When E.T. decided to phone home, he probably wasn’t thinking about how much it would cost. And maybe in the 40 years since E.T. the Extraterrestrial came out, you also never thought about it. But someone did the math. It turns out that E.T. contacting his home planet of Brodo Asogi three million light years away would cost more than $76 quadrillion. So it’s a good thing E.T. didn’t use the regular phone or Elliott’s mom would have been pissed when she got the bill.
International telecommunications provider TollFreeForwarding did the calculations and show their work in a fun post to celebrate the classic movie’s anniversary. They got distance from the movie’s tagline: “He is afraid. He is alone. He is three million light years from home.” The equals over 17 quintillion miles, or 17 billion billion miles. That’s 18 zeroes! The estimate of $0.004 per mile was calculated from the cost of calling other countries here on Earth, presumably in 2022 dollars rather than 1982. And even though it’s not clear in the movie how long the phone call lasted, they go with 10 minutes.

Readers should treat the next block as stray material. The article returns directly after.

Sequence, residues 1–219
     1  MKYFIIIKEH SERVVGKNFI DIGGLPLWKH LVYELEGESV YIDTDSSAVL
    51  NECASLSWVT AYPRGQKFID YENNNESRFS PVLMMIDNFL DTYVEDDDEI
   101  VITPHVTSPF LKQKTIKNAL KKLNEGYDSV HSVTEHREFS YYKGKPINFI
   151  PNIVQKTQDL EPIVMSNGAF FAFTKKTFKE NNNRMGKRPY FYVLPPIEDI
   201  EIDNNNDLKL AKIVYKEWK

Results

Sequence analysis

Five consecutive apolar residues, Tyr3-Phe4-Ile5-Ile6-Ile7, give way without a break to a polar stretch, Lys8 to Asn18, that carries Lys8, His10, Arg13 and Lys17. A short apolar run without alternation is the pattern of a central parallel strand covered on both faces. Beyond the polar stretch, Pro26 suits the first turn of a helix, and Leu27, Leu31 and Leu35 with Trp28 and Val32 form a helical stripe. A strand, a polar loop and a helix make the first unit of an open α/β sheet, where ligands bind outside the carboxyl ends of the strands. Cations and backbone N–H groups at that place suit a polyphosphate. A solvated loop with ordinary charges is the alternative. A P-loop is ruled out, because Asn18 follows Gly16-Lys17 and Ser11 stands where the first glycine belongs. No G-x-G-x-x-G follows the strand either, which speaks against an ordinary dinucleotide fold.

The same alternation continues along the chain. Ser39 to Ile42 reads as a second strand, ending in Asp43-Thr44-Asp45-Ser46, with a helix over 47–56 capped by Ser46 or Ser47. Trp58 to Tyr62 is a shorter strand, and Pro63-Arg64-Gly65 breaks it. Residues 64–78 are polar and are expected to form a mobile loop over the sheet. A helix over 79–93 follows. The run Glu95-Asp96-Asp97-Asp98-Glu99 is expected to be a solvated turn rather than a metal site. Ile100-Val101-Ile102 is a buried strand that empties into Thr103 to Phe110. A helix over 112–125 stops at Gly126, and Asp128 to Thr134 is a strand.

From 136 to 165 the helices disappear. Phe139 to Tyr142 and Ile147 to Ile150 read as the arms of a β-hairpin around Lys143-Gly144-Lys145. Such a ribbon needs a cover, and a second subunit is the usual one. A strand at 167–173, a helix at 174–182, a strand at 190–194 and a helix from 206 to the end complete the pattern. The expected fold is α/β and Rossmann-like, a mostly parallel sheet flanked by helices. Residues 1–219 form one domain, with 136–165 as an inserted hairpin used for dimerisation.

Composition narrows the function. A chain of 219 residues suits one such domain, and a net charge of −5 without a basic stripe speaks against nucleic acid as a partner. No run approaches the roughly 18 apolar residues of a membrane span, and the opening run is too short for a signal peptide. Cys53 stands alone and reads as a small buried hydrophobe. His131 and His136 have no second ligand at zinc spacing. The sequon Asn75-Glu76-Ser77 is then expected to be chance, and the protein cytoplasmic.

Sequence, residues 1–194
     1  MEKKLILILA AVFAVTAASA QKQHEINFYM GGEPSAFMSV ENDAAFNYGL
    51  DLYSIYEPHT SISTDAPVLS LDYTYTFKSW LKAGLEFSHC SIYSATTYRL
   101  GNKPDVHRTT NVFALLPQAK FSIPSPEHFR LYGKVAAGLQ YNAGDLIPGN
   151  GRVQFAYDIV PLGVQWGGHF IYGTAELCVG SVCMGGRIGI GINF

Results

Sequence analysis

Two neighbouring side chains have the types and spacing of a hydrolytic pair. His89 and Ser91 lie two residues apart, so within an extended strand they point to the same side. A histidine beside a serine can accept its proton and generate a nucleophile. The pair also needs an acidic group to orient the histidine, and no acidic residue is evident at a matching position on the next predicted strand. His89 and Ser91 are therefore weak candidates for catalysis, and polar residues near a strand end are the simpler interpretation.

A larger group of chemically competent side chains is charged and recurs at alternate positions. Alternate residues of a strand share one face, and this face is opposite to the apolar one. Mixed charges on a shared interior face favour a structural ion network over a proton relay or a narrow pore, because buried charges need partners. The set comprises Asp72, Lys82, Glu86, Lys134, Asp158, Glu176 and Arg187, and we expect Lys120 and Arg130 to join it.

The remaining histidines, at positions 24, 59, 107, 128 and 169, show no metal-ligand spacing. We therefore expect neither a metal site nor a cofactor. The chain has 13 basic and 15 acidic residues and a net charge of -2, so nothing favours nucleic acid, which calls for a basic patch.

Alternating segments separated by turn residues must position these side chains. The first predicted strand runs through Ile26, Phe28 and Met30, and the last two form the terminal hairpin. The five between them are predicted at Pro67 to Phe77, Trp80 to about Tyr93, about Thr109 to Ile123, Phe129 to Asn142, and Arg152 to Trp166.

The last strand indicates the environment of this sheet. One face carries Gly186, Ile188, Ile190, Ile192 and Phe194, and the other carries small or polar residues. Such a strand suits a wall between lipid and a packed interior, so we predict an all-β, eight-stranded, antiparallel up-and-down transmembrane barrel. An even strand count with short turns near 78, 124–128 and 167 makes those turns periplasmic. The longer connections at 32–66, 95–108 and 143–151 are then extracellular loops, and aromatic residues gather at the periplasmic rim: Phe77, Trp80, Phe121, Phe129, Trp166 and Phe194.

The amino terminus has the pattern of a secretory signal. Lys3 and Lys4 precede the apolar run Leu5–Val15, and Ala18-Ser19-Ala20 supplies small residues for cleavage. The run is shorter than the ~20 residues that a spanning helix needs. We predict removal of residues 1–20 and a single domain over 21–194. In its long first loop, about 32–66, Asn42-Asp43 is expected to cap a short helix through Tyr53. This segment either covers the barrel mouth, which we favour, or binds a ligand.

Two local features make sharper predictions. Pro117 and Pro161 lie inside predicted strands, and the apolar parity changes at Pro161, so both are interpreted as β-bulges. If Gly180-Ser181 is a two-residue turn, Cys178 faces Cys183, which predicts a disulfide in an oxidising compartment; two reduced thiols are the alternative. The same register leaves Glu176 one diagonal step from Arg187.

The total? $76,424,516,944,816,700! So it’s a good thing that Elliott and E.T. bypassed the phone companies by rigging up something from a coat hanger, saw blade, umbrella, record player, and a Speak and Spell. Using the same math, TollFreeForwarding also set up a site where you can scroll through the virtual cosmos to see what phone calls would cost to other places. For example, it costs less than a dollar to call the International Space Station, about $900 to call the Moon, and $3 million to call Saturn. It includes other science fiction planets too. It costs just over $2 trillion to call the Klingon homeworld of Qo’nos.
If math isn’t your preferred way of celebrating anniversaries, there’s plenty of other ways to show your love for E.T., like a special Build-A-Bear, a replica of Elliott’s bike, and even a vinyl release of the soundtrack. If, however, people doing geeky math is your thing, check out how much champagne it would take to fill the Nile and whether Westeros dragons are too big to fly.
Melissa is Nerdist’s science & technology staff writer. She also moderates “science of” panels at conventions and co-hosts Star Warsologies, a podcast about science and Star Wars. Follow her on Twitter @melissatruth.
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